Joseph Blenkinsopp. Judaism, the First Phase: The Place of Ezra and Nehemiah in the Origins of Judaism. Grand Rapids: William B. Eerdmans Pub. Co., 2009. xiv + 262 pp. $30.00 (paper), ISBN 978-0-8028-6450-5.
Reviewed by Rachel Havrelock (University of Illinois at Chicago)
Published on H-Judaic (September, 2012)
Commissioned by Jason Kalman
In presenting the missions of Ezra and Nehemiah as “the first phase” of Judaism, Joseph Blenkinsopp joins scholars of late antiquity interested in an early dating of the rise of Jewish religion and biblicists invested in a late date. But Blenkinsopp enters the dating game almost in spite of himself as if to illustrate how difficult it is for biblical scholars to abandon the search for the precise dates of biblical texts and instead to contend with the ideologies of the Hebrew Bible. This is not so much a criticism of Blenkinsopp in particular, but rather of the state of biblical studies in general. How much do we really gain by pronouncing certain sections of text historical and others invented, and then later reversing these labels? Because Blenkinsopp is an eminent scholar and a leading representative of biblical studies, such questions can be raised when addressing his impressive and erudite book.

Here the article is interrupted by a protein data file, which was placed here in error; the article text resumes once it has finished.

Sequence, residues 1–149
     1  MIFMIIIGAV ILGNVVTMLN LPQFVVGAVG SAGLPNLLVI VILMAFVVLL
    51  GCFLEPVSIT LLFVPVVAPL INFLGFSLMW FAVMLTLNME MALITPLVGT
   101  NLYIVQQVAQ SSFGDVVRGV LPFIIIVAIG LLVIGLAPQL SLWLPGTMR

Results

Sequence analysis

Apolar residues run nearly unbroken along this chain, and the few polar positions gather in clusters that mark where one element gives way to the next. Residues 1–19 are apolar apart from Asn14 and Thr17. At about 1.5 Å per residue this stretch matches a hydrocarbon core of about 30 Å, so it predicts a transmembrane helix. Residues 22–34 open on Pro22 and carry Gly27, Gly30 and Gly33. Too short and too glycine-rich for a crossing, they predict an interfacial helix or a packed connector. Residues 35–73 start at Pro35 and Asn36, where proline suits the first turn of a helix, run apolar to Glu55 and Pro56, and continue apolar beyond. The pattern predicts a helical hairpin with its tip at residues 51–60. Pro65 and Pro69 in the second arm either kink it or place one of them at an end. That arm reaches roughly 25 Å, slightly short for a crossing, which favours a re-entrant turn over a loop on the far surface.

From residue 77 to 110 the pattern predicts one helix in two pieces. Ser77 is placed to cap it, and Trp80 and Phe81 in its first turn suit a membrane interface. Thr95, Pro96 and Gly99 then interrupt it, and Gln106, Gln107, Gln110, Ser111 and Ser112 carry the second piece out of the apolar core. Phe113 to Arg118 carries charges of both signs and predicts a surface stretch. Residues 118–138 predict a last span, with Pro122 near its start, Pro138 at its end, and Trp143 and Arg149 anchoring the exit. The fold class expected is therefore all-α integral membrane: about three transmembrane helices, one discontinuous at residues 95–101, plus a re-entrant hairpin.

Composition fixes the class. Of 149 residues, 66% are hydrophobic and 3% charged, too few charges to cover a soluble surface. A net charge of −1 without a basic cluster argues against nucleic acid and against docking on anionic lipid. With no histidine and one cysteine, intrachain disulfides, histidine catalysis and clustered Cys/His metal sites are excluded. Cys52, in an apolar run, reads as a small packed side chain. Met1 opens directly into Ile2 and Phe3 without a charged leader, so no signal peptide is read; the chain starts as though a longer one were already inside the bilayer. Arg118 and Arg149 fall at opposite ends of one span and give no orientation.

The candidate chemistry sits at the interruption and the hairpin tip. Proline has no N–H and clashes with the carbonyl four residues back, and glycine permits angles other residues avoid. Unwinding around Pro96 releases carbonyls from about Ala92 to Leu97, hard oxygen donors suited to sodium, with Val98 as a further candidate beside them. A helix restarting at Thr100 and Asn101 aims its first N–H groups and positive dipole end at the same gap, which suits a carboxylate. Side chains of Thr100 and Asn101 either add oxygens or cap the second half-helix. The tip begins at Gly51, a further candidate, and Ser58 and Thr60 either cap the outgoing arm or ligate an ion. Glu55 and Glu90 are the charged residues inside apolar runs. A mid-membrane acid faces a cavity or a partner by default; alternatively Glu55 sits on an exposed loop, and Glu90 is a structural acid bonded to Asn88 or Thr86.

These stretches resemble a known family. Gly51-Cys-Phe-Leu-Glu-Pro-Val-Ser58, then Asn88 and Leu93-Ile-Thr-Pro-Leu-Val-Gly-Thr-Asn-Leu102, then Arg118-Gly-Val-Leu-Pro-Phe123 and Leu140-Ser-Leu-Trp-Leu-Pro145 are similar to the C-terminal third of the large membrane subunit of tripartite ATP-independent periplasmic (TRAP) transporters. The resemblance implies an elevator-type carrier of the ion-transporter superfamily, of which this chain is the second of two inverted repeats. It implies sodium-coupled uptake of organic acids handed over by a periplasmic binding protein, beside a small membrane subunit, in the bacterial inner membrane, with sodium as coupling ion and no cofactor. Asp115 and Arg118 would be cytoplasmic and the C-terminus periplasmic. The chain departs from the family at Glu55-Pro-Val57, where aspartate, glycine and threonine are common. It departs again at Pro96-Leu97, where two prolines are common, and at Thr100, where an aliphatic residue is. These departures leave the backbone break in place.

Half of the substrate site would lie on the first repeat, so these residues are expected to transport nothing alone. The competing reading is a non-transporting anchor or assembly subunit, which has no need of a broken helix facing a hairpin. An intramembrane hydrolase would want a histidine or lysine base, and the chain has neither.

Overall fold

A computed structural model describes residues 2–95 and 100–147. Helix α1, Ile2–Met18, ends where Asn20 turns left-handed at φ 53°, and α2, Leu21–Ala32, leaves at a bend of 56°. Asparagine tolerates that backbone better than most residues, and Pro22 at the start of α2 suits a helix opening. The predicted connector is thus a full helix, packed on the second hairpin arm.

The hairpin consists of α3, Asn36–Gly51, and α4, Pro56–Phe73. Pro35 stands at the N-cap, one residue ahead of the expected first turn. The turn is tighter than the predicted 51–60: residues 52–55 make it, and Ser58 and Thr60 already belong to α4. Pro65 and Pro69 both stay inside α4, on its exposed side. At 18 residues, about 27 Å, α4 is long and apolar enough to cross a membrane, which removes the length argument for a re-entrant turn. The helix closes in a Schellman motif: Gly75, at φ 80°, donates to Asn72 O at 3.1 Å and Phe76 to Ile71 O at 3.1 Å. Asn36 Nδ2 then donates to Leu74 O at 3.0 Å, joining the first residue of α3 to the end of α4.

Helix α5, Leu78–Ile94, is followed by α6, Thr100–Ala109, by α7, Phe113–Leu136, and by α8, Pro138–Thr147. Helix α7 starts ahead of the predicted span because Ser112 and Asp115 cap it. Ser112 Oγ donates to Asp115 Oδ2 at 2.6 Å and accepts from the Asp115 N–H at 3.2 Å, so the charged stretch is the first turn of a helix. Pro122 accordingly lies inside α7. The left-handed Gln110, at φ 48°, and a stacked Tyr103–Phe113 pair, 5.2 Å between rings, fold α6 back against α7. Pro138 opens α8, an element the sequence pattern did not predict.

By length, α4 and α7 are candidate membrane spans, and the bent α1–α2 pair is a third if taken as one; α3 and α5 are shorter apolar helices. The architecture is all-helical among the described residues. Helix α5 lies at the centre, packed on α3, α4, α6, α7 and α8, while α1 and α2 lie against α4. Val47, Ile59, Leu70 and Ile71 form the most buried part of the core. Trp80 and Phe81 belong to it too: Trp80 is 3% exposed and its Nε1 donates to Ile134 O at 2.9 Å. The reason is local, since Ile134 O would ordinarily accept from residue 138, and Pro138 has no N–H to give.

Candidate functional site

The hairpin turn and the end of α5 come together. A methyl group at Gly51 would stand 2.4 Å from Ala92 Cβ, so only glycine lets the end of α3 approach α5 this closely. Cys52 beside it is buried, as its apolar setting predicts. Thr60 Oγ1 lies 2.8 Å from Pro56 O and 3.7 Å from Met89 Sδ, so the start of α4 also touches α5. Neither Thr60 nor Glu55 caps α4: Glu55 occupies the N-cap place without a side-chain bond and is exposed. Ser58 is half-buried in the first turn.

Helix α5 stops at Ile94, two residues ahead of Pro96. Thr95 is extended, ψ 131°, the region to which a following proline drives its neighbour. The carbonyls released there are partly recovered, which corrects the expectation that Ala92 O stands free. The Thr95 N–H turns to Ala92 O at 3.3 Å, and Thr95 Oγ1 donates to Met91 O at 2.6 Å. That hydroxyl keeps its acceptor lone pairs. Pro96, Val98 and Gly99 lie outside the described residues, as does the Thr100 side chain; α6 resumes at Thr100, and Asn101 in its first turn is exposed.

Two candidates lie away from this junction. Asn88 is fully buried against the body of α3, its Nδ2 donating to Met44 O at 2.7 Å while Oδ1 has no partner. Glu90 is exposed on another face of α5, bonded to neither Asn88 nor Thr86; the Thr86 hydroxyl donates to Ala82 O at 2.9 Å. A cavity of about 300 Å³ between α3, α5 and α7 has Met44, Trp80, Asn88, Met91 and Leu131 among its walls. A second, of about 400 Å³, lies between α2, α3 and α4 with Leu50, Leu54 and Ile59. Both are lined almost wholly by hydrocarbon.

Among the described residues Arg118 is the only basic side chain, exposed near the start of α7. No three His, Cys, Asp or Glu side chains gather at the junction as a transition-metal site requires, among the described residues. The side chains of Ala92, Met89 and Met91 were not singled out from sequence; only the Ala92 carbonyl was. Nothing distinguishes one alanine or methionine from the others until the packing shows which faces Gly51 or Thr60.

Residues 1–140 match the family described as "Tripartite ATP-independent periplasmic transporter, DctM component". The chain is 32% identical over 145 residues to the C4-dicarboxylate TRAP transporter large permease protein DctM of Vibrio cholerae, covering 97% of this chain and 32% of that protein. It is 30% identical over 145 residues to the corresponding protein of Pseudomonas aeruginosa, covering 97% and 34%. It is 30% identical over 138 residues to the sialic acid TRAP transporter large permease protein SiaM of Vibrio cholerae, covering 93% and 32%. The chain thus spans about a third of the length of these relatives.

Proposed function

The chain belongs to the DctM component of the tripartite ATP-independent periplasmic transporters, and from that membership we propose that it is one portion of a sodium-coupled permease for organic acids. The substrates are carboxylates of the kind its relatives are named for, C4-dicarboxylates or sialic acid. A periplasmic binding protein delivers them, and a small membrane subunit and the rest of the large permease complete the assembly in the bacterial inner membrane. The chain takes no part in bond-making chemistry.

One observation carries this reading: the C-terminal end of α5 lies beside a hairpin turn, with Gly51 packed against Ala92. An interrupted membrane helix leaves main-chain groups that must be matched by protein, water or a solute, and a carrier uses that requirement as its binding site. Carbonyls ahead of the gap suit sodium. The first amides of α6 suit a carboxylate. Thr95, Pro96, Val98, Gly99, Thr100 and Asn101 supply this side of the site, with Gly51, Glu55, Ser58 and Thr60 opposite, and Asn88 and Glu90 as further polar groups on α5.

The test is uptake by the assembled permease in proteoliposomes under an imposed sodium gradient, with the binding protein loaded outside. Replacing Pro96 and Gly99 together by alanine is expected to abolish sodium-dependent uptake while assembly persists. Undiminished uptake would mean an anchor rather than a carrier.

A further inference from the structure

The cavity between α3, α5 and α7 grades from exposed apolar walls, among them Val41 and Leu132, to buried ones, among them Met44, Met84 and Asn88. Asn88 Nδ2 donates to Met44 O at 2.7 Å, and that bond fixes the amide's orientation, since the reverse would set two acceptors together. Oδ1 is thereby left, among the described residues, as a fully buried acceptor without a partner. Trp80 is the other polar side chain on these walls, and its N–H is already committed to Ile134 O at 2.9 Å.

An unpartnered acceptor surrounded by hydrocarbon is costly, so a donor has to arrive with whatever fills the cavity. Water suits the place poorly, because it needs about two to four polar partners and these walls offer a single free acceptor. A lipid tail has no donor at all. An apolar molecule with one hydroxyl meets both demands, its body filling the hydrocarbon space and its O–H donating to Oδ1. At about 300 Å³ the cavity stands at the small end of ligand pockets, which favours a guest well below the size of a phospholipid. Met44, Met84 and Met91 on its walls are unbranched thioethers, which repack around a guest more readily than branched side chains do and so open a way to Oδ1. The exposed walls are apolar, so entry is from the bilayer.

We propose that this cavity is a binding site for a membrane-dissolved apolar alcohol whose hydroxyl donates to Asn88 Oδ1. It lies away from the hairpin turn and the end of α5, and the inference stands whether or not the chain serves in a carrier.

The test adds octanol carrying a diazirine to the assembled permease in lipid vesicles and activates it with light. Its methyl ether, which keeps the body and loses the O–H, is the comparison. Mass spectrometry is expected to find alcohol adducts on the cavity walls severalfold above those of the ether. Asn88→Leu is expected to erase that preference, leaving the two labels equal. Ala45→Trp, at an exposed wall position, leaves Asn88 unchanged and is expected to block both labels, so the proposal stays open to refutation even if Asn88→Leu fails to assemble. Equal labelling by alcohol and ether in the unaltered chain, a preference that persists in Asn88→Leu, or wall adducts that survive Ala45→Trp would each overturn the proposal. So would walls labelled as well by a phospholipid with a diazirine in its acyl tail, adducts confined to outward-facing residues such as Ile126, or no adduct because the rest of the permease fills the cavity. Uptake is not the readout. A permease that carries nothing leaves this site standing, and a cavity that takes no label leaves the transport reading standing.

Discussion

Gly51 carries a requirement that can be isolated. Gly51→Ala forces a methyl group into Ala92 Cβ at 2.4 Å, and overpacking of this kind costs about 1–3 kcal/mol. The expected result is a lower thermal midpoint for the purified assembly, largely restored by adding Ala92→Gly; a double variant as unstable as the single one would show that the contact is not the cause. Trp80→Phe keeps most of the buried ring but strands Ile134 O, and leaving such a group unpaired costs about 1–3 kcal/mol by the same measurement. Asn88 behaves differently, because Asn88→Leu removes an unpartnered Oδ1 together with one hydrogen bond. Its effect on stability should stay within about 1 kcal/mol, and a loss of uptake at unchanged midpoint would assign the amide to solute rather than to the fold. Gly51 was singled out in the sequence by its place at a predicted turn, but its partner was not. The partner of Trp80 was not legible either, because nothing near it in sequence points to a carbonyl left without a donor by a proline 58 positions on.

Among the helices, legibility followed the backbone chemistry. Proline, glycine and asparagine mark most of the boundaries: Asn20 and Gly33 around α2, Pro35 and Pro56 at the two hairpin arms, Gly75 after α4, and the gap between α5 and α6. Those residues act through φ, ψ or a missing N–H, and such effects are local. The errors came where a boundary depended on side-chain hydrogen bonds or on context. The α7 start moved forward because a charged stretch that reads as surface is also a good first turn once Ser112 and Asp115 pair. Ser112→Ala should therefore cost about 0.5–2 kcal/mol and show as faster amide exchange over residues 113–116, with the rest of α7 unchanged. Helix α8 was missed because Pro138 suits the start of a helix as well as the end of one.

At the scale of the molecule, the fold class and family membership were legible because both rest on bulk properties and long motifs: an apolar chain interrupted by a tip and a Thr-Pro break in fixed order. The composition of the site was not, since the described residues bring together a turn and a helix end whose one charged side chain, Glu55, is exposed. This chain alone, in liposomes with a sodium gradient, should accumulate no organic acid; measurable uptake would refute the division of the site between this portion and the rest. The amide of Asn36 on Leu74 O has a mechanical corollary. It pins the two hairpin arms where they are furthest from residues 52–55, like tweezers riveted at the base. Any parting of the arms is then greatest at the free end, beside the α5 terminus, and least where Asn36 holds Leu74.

The introduction speaks of Ezra and Nehemiah “less as objects of biographical interest and more as emblematic of ideological positions and agendas” (p. 9). It provides a compelling picture of the regional transformation of the Mediterranean and Levant during the first two centuries of Persian rule (539-332 BC). As the Judaism of Ezra and Nehemiah emerges in a territorially restricted temple state, Athenian culture reaches its apex. Athens and Jerusalem both develop pointedly nationalist identities as they navigate a world defined by empire. They differ in access to resources (Athens, of course, having more) and diverge as tax-exempt priests come to rule Jerusalem and its environs and Athens stages ritual centrally in the polis. In Achaemenid Jerusalem, the priests who had contended with monarchs, elders, and prophets before the exile win the struggle for political dominance.